• While people with other chronic diseases, such as diabetes mellitus, have access to a wide range of treatment methods, experts and contact points, this is not – or only marginally – the case for people with obesity. Even among physicians and other professional groups, there are completely outdated ideas about the nature of the disease and available treatment options. The causes of this disease are not taught at universities and are not known to the majority of the medical profession.4
• The overwhelming majority of those affected do not receive a guideline-based therapy – although one does exist. This is unimaginable in the case of recognised diseases.
• Useful treatment methods exist but are only reimbursed to a limited extent and on a case-by-case basis. Drugs are completely excluded from reimbursement.
• Obesity is not recognized as a chronic disease in Germany, rather it is still classified as a lifestyle disease. At the same time, treatment in the concomitant and secondary diseases (e.g. diabetes mellitus, coronary heart disease, high blood pressure) is running at full speed and absorbs resources amounting to billions.5 It is obvious that obesity treatment – and also its recognition as a chronic disease – would make the system as a whole, much more efficient. Overweight accounts for 10.7 % of Germany’s health expenditure.6
• Obesity is predominantly classified as a “lifestyle phenomenon” in terms of health policy as well as treatment. In today’s social paradigm, patients are expected to solve their “lifestyle problem” independently and “alone”, using personal resources.
• People with obesity are exposed to huge stigma with terms such as “weakness of will”, “self-inflicted” and “lack of discipline” used regularly.
• Due to the prevailing paradigm and prejudices experienced by people with obesity, self-stigmatisation becomes deeply entrenched. Their value as a person in society is no longer recognised; guilt and shame weigh heavily on most of those affected. This results in the isolation of people with obesity who rarely seek help, are trapped by their shame and often simply give up.
The DAA is committed to:
• Held inaugural meeting to agree on mission, vision and plans
• Signed Letter of Intent (LOI) with most important stakeholders
• Developed national briefing book on obesity, calling for action
• Held an expert talk at Parliament with various Members of the German Parliament (MdB)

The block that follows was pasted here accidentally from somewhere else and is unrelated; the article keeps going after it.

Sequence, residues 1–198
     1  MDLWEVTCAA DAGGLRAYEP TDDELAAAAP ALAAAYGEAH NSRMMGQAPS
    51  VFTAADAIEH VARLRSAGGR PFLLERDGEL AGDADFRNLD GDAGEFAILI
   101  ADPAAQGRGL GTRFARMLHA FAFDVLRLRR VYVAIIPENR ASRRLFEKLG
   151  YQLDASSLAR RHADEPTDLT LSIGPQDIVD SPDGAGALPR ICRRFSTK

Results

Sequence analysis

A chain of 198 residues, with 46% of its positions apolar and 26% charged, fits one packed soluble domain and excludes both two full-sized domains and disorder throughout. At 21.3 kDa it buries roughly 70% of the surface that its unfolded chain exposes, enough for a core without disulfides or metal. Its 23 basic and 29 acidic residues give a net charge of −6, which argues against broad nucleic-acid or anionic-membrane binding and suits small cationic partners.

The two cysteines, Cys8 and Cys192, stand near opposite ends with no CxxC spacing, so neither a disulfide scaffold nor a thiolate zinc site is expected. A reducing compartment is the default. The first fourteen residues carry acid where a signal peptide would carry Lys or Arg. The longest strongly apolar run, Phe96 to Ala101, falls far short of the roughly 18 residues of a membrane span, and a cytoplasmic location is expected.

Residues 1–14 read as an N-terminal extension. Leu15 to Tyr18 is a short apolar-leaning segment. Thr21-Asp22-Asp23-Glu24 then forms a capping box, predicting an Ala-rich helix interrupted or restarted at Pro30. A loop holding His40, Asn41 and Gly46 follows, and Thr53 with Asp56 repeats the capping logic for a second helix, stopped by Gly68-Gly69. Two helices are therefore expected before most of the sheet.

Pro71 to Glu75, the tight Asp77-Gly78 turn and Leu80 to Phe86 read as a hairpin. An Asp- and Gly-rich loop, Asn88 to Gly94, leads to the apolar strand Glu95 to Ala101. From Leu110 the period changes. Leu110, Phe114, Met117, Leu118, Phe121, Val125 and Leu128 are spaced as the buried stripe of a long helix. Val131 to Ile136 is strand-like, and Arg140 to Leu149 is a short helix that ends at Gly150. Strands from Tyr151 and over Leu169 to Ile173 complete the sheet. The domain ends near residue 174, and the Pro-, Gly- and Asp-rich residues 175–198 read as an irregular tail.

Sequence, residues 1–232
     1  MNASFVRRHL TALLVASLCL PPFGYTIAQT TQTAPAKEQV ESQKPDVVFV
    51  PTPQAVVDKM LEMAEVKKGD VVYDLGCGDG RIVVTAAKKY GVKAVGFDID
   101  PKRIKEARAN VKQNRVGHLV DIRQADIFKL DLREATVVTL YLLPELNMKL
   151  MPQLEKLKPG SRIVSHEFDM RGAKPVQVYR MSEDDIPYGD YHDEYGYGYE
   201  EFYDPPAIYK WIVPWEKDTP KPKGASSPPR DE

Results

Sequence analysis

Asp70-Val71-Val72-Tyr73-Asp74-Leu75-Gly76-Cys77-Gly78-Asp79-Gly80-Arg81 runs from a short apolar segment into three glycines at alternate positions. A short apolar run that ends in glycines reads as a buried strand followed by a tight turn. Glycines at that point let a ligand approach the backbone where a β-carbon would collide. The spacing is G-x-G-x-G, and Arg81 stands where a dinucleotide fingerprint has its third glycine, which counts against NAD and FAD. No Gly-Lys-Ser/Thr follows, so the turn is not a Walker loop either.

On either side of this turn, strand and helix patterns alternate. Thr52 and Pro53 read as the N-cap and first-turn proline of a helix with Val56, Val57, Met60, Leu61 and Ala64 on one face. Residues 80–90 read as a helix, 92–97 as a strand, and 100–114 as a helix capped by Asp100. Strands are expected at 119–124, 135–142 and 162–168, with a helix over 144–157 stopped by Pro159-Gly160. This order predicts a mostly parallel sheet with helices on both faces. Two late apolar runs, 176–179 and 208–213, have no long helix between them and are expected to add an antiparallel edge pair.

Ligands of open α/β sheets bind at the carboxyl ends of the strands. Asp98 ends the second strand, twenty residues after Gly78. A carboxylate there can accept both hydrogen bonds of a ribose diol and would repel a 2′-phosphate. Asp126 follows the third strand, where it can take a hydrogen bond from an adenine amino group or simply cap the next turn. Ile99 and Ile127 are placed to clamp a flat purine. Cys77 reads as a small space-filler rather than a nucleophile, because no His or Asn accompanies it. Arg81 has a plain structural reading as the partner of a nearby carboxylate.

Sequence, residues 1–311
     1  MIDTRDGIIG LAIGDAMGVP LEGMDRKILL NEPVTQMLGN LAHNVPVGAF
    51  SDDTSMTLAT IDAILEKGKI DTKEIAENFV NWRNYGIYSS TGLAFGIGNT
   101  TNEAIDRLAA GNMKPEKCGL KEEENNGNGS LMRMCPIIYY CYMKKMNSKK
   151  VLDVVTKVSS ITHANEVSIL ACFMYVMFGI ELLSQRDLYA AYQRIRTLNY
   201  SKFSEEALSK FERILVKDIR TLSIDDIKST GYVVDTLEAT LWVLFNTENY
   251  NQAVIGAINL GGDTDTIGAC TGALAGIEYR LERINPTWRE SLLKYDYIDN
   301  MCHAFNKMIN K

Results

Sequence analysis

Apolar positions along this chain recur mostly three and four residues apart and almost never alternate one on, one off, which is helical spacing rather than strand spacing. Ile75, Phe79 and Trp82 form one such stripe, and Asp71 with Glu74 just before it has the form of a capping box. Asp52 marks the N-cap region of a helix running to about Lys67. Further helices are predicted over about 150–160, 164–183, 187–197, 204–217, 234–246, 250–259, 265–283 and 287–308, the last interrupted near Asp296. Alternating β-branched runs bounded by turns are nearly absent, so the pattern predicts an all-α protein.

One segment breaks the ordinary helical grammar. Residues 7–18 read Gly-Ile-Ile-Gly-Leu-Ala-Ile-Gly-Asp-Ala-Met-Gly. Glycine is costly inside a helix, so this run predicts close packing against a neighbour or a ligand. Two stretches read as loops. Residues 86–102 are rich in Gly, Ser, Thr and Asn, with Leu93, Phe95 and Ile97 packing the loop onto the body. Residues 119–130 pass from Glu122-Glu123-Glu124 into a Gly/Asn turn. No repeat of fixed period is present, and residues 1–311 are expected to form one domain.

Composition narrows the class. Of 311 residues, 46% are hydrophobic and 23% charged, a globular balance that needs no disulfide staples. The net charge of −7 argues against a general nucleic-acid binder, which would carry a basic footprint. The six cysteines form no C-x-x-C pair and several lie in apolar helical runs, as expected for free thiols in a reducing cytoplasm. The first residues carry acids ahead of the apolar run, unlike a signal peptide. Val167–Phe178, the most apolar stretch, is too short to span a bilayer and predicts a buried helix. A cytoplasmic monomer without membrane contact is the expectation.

• Onboarded additional organisations
• Held goals workshop at German Parliament and established working groups to drive action
• Cooperation with International Obesity Networks (e. g. OPEN)
Status: April 2020
• Alexander Krauß: Member of the German Parliament (MdB)
• Melanie Bahlke: 1st Chairwoman of the Obesity Surgery Self-Help Germany e. V. (AcSD e.V.)
• Andreas Herdt: 2nd Chairperson AcSD e.V.
• Dr. Christine Stier: Member of the Board of the Working Group Metabolic Endoscopy of the German Society for Endoscopy and Imaging Techniques e. V. (DGE-BV) and Committee Member of the Bariatric Endoscopy der International Federation for the Surgery of Obesity and Metabolic Disorders (IFSO)
• Prof. Martina de Zwaan: Chairwoman of the German Obesity Association (DAG)
• Dr. Stefanie Gerlach: Board of the German Obesity Association (DAG), Media-Spokesperson
• Dr. Susanne Weinbrenner: Deutsche Rentenversicherung (DRV, German Pension Insurance)
• Dr. Christina Holzapfel: Working Group Obesity, Professionals Association Oecotropholgie e. V. (VDOE)
• Dr. Andrea Lambeck: Managing Director, Professionals Association Oecotropholgie e. V. (VDOE)
• Thomas Hegemann: Organizational and strategic developer and coach, expert for the German healthcare system, Managing Partner CGC GbR
• Dr. Robert Haustein: Head of Berlin Office, Market Access & Public Affairs, Novo Nordisk Pharma GmbH
• Daniela Rimpf: Patient Relations Manager, Novo Nordisk Pharma GmbH
• Oliver Martini: Director Government Affairs & Policy, Johnson & Johnson GmbH
To find out more, please contact the DAA Secretariat
1 Schienkiewitz A et al. (2017). DOI 10.17886/RKI-GBE-2017-025.
2 Effertz T et al. (2015). DOI 10.1007/s10198-015-0751-4.
3 Whitlock G et al. (2009). DOI 10.1016/S0140-6736(09)60318-4.
4 Caterson ID et al. (2019). Diabetes, Obesity and Metabolism; 21(8): 1914-1924.
5 Klein S et al. (2016). Weißbuch Adipositas, S156.
6 OECD (2019). The Heavy Burden of Obesity. Oe.cd/obesity2019.